With the holiday shipping season in full swing, the U.S. Postal Service has entered its busiest time of year. We can’t tell you when you’ll get that fruitcake in the mail, but today’s WatchBlog has some timely information about one of America’s oldest and most familiar institutions.
Is it there, yet?
The Postal Service’s financial struggles are no secret. Among the many ways it’s sought to improve its bottom line is changing some service standards earlier this year:
- single-piece First-Class Mail—like the holiday cards you might be sending this month—are meant to arrive in 2-3 days instead of 1-3
- periodicals should take 3-9 days instead of 1-9
Though the Postal Service says some items may take longer to deliver, it’s hard to know for sure if they’re arriving on time. That’s because delivery performance is measured for about half the volume of the most common types of mail—those mentioned above as well as others, including some package services.
Half is markedly better than the 16% measured in fiscal year 2006, but we recommended several ways for the Postal Service and the Postal Regulatory Commission—one of its independent oversight agencies—to improve the quality of delivery performance information.
Betting on packages
In light of lower mail volumes, the Postal Service is relying on packages to grow business. According to Postal Service figures, package revenues rose from about $11.6 billion in fiscal year 2012 to more than $15 billion in fiscal year 2015, approaching a quarter of its total operating revenues.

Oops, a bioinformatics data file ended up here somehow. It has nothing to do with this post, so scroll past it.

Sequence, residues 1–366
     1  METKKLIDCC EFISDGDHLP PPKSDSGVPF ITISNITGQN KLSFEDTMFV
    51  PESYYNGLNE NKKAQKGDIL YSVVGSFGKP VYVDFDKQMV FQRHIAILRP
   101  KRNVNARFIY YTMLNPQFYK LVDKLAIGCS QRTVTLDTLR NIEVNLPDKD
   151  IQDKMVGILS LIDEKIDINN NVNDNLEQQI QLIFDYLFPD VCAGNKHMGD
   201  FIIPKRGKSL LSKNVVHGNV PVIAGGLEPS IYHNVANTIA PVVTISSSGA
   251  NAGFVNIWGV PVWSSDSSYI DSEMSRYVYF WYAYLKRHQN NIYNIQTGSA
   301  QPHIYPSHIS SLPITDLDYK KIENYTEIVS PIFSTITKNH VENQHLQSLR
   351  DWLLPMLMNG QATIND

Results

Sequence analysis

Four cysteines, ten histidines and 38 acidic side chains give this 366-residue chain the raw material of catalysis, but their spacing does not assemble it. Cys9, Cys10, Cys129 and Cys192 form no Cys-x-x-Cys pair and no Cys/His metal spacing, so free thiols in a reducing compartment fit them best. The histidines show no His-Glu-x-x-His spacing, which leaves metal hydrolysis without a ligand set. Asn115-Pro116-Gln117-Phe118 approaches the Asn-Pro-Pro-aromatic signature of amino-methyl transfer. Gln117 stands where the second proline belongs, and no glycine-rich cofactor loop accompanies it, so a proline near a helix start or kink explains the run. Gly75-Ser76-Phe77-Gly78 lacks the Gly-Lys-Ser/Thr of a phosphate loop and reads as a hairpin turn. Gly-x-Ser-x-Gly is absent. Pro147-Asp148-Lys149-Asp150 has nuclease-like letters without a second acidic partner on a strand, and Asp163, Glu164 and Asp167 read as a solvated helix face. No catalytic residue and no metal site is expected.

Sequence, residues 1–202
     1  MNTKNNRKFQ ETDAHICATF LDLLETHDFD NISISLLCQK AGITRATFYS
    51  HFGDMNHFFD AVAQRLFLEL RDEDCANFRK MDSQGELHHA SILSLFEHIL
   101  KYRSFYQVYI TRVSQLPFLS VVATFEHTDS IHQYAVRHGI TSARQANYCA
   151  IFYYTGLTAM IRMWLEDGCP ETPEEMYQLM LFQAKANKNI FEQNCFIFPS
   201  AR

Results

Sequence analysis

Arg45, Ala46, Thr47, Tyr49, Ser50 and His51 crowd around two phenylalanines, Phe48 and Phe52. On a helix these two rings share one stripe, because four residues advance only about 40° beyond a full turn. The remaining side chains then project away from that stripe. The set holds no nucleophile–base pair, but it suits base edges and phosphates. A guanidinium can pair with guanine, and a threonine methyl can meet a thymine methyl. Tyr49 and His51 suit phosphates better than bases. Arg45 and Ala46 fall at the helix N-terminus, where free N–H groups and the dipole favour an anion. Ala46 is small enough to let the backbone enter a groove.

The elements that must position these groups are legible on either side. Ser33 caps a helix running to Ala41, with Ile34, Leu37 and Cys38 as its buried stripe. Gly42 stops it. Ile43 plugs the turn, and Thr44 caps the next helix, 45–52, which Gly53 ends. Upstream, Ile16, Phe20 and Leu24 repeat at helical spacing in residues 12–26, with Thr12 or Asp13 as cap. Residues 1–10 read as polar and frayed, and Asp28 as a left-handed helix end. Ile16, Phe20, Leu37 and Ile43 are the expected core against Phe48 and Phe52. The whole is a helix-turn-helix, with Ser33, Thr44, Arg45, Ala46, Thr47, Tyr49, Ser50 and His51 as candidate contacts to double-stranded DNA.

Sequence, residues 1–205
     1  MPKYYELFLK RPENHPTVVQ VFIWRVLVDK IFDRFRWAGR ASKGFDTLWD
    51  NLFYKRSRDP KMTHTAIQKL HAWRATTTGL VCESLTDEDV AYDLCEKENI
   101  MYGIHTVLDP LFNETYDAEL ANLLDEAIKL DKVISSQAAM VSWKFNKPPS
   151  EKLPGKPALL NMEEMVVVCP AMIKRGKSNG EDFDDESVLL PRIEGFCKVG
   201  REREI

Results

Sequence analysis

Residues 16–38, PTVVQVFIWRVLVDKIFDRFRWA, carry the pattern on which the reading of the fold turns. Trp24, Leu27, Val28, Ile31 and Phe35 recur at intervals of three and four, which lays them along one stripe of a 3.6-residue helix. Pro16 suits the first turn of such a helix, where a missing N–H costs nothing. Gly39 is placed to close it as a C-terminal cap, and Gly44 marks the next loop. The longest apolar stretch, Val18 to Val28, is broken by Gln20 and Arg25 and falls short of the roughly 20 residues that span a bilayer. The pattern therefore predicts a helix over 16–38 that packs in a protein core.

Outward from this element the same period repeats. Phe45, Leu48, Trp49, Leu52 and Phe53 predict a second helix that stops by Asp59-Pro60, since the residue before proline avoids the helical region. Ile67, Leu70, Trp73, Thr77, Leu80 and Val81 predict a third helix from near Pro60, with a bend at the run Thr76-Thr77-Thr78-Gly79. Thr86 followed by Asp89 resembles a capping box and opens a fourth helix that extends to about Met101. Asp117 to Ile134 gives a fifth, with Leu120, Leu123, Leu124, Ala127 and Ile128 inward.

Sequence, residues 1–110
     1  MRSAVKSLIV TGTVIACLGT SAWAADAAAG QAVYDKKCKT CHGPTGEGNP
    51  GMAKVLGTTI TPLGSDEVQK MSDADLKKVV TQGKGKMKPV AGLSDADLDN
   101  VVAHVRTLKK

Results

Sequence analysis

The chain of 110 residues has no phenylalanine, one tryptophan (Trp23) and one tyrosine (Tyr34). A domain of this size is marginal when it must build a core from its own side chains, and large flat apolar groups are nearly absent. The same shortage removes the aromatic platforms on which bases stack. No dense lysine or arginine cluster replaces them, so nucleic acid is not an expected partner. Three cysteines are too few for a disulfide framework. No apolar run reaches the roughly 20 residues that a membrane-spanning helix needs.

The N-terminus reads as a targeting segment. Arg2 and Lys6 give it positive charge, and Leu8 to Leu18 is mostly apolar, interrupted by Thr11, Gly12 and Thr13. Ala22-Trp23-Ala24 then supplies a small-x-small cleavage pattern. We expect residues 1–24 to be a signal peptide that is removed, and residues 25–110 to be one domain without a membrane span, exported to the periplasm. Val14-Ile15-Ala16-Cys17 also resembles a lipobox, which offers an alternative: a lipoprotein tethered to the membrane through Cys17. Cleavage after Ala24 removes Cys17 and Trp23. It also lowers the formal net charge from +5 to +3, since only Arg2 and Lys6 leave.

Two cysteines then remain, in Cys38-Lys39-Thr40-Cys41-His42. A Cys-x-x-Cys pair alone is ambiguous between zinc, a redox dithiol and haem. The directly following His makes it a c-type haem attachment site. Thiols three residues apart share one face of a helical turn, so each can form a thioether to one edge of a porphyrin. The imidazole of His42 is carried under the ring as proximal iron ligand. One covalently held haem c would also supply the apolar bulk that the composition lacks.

The Postal Service’s strength in the “last mile”—the ability to go to and from every address in the United States thanks to its vast infrastructure—could help businesses and consumers alike. For example, Parcel Select allows businesses to drop bulk shipments at postal facilities, which lowers their shipping costs, while consumers are now receiving some packages on Sundays.
(Excerpted from GAO-15-408)
Beyond Black Friday
The Postal Service’s financial condition has improved since 2009, when it went on our High Risk List. But it’s still not on a sustainable path. Despite recent strides, particularly in packages, more remains to be done to improve the Postal Service’s financial viability.
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